I had to catch my breath when I read the the speech by Ben Morgan, joint head of the UK Serious Fraud Office Bribery and Corruption Unit.
His message to the Annual Anti-Bribery and Corruption Forum in London last month will have ruffled more than a few feathers. Indeed I would imagine that there was a degree of panic among some of the delegates and those who have subsequently become aware of it.
His speech — advocating that companies that might have paid overseas bribes come forward early to the SFO — was designed to drive home the fact that the SFO is now gunning for those who have knowingly engaged in corrupt practices, or have discovered that their staff have done so in their name.
Morgan’s words pulled no punches and carried with them a degree of threat that most lawyers would feel very uncomfortable about. In a nutshell, Morgan told companies to volunteer their misdemeanors or face the full might of the SFO’s prosecution.
There will be a lot of directors now wringing sweaty palms and scratching furrowed brows. Their instinct may be to bury a matter, swear people to secrecy, deal with it internally and sack those involved. But Morgan stressed that such an internally-driven procedure would fall short of what the SFO is demanding: full and early disclosure.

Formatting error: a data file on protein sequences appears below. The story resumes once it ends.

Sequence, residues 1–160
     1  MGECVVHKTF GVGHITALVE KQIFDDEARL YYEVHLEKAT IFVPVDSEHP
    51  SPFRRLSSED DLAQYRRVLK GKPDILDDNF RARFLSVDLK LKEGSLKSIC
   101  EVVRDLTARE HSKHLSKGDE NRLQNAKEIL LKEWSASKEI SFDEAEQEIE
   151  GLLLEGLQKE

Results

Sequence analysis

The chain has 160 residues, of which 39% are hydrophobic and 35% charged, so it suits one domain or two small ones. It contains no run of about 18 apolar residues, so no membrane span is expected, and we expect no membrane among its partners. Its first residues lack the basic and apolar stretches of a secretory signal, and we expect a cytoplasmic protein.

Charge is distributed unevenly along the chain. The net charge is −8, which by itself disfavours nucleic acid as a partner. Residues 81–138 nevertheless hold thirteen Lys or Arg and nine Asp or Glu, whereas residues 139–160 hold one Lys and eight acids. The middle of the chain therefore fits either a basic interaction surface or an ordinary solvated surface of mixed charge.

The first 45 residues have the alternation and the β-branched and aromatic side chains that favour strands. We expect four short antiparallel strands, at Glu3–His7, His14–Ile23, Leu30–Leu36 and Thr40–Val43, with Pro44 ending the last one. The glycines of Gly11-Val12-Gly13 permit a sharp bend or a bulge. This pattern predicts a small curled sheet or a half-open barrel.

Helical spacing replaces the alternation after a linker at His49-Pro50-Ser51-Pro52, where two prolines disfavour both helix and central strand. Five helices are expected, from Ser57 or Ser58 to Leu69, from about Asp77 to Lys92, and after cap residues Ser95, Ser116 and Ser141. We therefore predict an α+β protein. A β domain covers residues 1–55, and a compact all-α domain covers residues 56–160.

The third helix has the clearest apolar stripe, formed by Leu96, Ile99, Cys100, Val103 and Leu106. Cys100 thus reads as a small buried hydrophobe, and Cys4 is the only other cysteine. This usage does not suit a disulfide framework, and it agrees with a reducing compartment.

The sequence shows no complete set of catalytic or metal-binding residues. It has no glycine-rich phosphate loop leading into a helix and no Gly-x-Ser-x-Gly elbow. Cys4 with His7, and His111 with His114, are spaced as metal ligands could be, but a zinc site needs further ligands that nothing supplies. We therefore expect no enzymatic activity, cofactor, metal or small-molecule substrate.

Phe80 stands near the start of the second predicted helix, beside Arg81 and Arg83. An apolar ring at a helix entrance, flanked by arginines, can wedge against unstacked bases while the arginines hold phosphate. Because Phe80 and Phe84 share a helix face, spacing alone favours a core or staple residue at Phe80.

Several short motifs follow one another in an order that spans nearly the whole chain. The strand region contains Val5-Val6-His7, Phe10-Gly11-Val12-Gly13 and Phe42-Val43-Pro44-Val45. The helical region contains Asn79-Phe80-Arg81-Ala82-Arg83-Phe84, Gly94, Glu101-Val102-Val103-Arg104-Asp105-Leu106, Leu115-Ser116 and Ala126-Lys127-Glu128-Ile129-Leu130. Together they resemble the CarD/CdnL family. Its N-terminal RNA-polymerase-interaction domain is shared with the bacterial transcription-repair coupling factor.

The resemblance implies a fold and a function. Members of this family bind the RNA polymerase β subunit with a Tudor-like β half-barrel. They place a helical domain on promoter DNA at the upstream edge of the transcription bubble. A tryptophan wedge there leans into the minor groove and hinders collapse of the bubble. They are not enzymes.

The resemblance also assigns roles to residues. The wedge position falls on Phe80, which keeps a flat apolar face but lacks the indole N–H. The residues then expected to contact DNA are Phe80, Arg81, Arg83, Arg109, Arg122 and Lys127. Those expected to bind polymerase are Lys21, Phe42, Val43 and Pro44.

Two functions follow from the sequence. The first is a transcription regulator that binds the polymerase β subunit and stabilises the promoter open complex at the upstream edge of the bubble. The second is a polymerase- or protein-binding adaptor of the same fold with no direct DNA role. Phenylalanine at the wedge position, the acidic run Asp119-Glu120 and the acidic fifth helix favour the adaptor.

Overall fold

“If a company comes to us and alerts us to conduct about which we otherwise didn’t know, it is hard to see how it would be in the public interest to prosecute,” he said. This is a classic use of carrot and stick.
As a lawyer whose firm specializes in the investigation of fraud, corruption and the resultant money laundering, I am impressed by the SFO’s stance. Corruption and bribery devalues and undermines not only the reputations of the companies concerned, but the economies of the countries afflicted. Compliant companies that will not engage in flawed tendering processes lose out, and ordinary folks can lose their livelihoods as a result.
It falls to law enforcement agencies such as the SFO to police these scenarios, and to civil asset recovery firms such as ours to ensure that wherever possible, the perpetrators do not go on to enjoy their ill-gotten gains.
Martin Kenney is Managing Partner of Martin Kenney & Co., Solicitors, a specialist investigative and asset retrieval practice based in the British Virgin Islands and focused on multi-jurisdictional fraud cases. Kenney is the exclusive representative in the British Virgin Islands of FraudNet, a specialist global network of 69 leading fraud recovery and business crime lawyers in 62 countries. www.martinkenney.com | @MKSolicitors.